Wednesday, October 29, 2014

Do Something Hard

          Do something hard. Do something you don't think you could possibly do.  Go out, and do it.  One of my favorite motivators is my track coach from high school.  I joined the team not because I loved the sport, or had any desire to run.  I had friends on the team, the coach had a curious kindness, and being on a team meant I didn't have to go home after school.  In fact, the first season I showed up just long enough to get the jersey, then wore it on meet days so my parents thought I was still on the team.  I didn't have to go home after school, it was perfect.  I joined again the second year, this time I'd try out the field events, again so I didn't have to run.  Somewhere along the way, I grew to find a place there.  Running short distances during practice became tolerable.  Beating my own times became "fun".  All the while my dear track coach pushing me to do cross country. 
          Running long distances seemed impossible and I couldn't understand why anyone would desire to spend their time in such agony.  After graduation, I would run a mile a few times a week (that seemed to far!). One day, I woke up and decided to do a 5k.  In my mind I owed it to my track coach.  He did so much for me, so I was going to do this for him.  It took a very long time to work up to even 2 miles.  Years, really. I didn't put a timeline on my goal, so I took my time. I did the 5k, and that day it was the longest I had run. It felt like it took eternity to finish. I remember being exhausted all day afterwards, but feeling like I finally conquered distance running. 
          Skip ahead a few more years when I got this crazy idea to run a half marathon.  It's just a 5k with a 10 mile warm up, right? I felt like I had to do it, because it seemed so scary, and so impossible, that I had to get in it's face and do it.  Well, I will say a 5k started to seem like a warm up, and running that distance started to be part of the day, and not exhausting but exhilarating.  Some runs were really hard, even the short ones.  Some were tolerable.  Some were almost..."fun"?  I'm not sure a runners definition of "fun" is the same as the rest of the worlds, but when a run isn't agonizing I can see the runner using "fun" just because it's so exciting that they got through it without hating every step.  I ran when I was physically ill, physically hurt, emotionally flat, sad, having good days, having bad days, in the hot, in the cold, in the rain.  I ran under every circumstance, so I knew on race day no matter what was going on, I'd have done it before. 
          Race day came, and I was petrified.  My longest training run was just under 12 miles.  I had to stop my last run after 3 miles because of hip and knee pain.   I had over trained my calves weeks before, which changed my stride making my knee hurt.  I changed again because of my knee, so my hip hurt.  I hoped I had done what I needed to change my stride back.  I had no idea what was going to happen.  We started, and every step was a step forward.  Every step was a step closer to the finish.  I was nervous I wouldn't finish the whole time.  I was scared my knees would stop working, or my hip would give out.  Every step after the 12th mile was even more scary. I had never gone that far, can I keep going? I kept going.  I wasn't dying, my joints were working, I can't even remember if my feet hurt. I just remember hearing the announcer announcing names as they finished, then seeing the finish line .5 mile away and thinking, "I could walk there and I'd make it."  What a relief! It was a beautiful, sunny day. I ran the rest of the way around a pretty lake and crossed the finish 4 minutes under my "in a perfect world" goal time.  30-45 seconds faster per minute than I trained. It. Was. Awesome.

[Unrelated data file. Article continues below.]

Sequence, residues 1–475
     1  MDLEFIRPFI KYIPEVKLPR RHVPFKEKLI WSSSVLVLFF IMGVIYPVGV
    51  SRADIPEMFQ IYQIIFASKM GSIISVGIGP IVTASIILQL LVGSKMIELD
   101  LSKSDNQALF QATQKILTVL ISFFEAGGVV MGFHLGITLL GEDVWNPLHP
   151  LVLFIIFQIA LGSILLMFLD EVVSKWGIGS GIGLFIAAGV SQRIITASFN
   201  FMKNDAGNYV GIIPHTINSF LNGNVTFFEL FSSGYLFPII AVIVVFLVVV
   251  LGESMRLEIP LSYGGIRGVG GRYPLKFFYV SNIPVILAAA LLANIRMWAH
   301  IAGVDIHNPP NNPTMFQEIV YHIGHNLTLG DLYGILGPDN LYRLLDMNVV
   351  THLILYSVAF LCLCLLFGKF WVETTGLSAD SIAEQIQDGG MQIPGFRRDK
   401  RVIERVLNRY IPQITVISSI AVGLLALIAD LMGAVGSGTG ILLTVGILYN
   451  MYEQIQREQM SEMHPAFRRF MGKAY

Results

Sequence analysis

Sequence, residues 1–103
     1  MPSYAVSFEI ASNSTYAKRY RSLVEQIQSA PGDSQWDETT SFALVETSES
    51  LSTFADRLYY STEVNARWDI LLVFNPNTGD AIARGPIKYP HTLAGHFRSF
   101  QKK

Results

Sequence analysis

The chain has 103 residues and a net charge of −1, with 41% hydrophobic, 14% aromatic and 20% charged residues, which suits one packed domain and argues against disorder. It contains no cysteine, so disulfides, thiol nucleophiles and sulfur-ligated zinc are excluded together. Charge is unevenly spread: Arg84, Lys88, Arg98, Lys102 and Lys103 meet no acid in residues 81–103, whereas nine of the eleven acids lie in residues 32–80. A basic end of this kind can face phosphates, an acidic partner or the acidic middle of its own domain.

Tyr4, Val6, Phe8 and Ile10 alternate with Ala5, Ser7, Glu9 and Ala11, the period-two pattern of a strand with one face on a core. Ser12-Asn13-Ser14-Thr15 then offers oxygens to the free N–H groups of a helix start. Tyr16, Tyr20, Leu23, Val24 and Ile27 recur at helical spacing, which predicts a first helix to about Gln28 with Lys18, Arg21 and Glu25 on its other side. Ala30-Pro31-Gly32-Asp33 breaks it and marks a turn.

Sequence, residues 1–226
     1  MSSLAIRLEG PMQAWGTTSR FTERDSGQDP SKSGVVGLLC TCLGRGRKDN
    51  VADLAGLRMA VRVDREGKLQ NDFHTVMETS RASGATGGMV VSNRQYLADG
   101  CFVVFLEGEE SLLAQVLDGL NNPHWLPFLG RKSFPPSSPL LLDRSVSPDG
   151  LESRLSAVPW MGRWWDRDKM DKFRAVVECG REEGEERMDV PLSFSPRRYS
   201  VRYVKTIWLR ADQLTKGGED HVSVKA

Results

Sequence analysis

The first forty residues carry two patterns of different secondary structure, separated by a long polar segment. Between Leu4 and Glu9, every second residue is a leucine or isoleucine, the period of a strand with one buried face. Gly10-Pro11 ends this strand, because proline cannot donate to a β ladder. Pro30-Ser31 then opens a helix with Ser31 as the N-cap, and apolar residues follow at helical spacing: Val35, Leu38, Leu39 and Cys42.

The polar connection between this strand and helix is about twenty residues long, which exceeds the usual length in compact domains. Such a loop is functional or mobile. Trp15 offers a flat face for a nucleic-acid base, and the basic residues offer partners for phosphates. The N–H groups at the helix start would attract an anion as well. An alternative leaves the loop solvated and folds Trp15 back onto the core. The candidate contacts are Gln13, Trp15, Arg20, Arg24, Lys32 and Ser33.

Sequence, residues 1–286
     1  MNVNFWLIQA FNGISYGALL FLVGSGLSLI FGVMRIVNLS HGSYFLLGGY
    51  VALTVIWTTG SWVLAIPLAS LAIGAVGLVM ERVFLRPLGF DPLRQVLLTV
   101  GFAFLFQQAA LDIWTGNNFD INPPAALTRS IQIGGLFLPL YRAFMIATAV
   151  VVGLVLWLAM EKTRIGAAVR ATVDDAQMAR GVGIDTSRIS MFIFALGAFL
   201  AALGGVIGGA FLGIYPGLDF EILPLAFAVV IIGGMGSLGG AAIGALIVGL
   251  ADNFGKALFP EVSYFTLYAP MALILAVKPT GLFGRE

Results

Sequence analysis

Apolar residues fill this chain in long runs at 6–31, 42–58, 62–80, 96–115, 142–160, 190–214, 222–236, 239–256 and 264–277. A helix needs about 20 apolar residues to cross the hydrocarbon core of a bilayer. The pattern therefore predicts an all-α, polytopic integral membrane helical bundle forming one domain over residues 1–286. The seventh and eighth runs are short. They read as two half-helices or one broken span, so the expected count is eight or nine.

In the days after, there were a few things that came up that I would have thought scary, and impossible.  They didn't seem as scary, or impossible anymore.  Nothing seemed impossible anymore.  Things that were hard, didn't seem like such a big deal.  Not only that, but, I used to not run because of every excuse.  Not because I was trying to be lazy, but because I didn't think it was possible.  Now, I know I'll get through it.  I can run hurt, tired, sick, scared, sad, overwhelmed.  Things that were paralyzing don't have to be.  Honestly, there were very few training runs that had perfect weather, and I felt good enough to have a great run.  Almost every time there was a good reason for me not to go.  It was a slow process, and I'm an impatient person so each day came with new challenges.  Goals don't happen over night, the bigger the goal, the longer and harder the fight...and the better the reward. 
         Of course, I have to liken this all to life.  Every day is a training run.  I have a lot of emotional stumbling blocks.  A lot of paralyzing thoughts and feelings.  Can I treat them like the physical stumbling blocks during all those runs? Instead of letting them stop me, can I acknowledge they are there, and change my stride so I can get to the finish without so much pain that I just can't go on? Physically growing my body to be able to finish that race wasn't easy. But it wasn't impossible.  And now, growing emotionally enough to conquer all these stumbling blocks in my brain seems a little more possible.  So, if you want something to seem a bit less scary, or make something impossible possible, go do something bigger, and harder.  Over reach.  Pick something so far away that touching it will mean every other mountain becomes a mole hill.  In the words of Nike, "Just Do It."

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